Smart Card Standards and Specifications

ISO 7816 standards

The ISO 7816 document “Identification cards – contact cards with an integrated microprocessor” is published by the International Organization for Standardization (ISO). It contains the main standards defining the characteristics of microprocessor cards with electrical contacts [6]. The ISO 7816 standard regulates various parameters of smart cards:
· Section 1 – Physical characteristics
· Section 2 – Card sizes and location of contacts
· Section 3 – Electronic signals and transmission protocols
· Section 4 – Information exchange commands for cross-industry interaction
· Section 5 – Application identifiers
· Section 6 – Cross-industry data elements
· Section 7 – Cross-industry SCQL commands

GSM standards

The European Telecommunication Standardization Institute (ETSI) has published a set of standards regulating the use of smart cards in public and cellular telephony [8]. The Global System for Mobile Communications (GSM) is an international standard for land–based cellular communications. This specification initially covered several Central European countries, but soon became an international standard for mobile telephony. There are several GSM standards related to smart cards, in particular:
· GSM 11.11 – specification of the interface of mobile equipment based on SIM cards
· GSM 11.14 – specification of application development tools for mobile equipment based on SIM cards
· GSM 03.48 – Application security mechanisms for SIM-based mobile equipment
· GSM 03.19 is a software interface for the Java Card platform. This standard is based on the GSM 11.11 and GSM 11.14 specifications. It defines an API for developing GSM applications that run on the Java Card platform. This API is an extension of the Java Card 2.1 programming interface.

EMV Specification

The EMV specification was developed by Europay, MasterCard and Visa. It is based on ISO 7816 standards and includes a description of additional functionality that is designed to solve specialized tasks specific to the financial industry. The latest edition of these specifications, EMV 96 version 3.1.1, was published in May 1998. It consists of three parts:
· EMV ’96 specification – cards with integrated microprocessor
· EMV ’96 specification – Card terminals with integrated microprocessor
· EMV ’96 Specification – Applications for cards with integrated microprocessor

Open Platform Specifications

The Open Platform (OP) specifications define an integrated environment for the development and operation of multifunctional smart card systems [9]. The Open Platform includes the specification of cards and the specification of terminals. The card specification regulates universal cross-industry requirements for the implementation of Open Platform cards. It covers issues of communication with terminals and management of client applications that work in cards. The terminal specification defines the architecture of applications that run in terminals. This specification also sets out the terminal parameters necessary to ensure compatibility with ISO and EMV standards.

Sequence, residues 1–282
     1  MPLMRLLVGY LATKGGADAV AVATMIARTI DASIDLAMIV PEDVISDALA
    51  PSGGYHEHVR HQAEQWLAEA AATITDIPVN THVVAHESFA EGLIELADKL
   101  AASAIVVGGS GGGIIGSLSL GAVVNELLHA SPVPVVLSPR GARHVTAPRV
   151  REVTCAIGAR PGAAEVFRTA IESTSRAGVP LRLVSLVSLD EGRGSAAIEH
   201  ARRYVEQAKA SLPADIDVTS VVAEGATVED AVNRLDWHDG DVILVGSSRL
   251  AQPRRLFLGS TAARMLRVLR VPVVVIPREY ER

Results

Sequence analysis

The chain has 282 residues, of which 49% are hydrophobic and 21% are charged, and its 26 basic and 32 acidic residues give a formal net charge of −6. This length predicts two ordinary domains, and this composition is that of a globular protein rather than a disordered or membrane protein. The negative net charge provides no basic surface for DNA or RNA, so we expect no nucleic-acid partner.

The Open Platform specifications were originally developed by Visa. Now their support is provided by the organization GlobalPlatform, which promotes the global intersectoral infrastructure of smart cards.

Integrated OpenCard Framework

The Integrated OpenCard Framework (OCF) was originally developed by IBM. Currently, the rights to it belong to the OpenCard consortium, which includes key players in the smart card industry [5]. OCF is an integrated host application environment that provides a standard interface for interaction between smart card readers and client applications. The OCF architecture is a structured interaction model that defines the division of functions between terminal manufacturers, smart card OS developers and issuers. The goal of such an architecture is to reduce dependence on all these parties, as well as on platform vendors.
The OCF environment is focused on network applications of smart cards, so it is in good agreement with the Java programming language.

PC/SC Specifications

The development and support of PC/SC specifications (Specifications for the functional compatibility of smart cards and personal computers) is carried out by the tea group PC/SC Workgroup. This is an industry consortium, which includes leading organizations whose activities are related to smart cards [7]. The PC/SC specifications define a universal architecture for the use of smart cards in personal computing systems.

This architecture provides compatibility of smartcard host applications with various service providers and resource managers. Service providers are high–level programming interfaces that allow you to hide specific programming features of various smart card models. Resource managers are the means for interacting reader devices with various modifications of smart cards.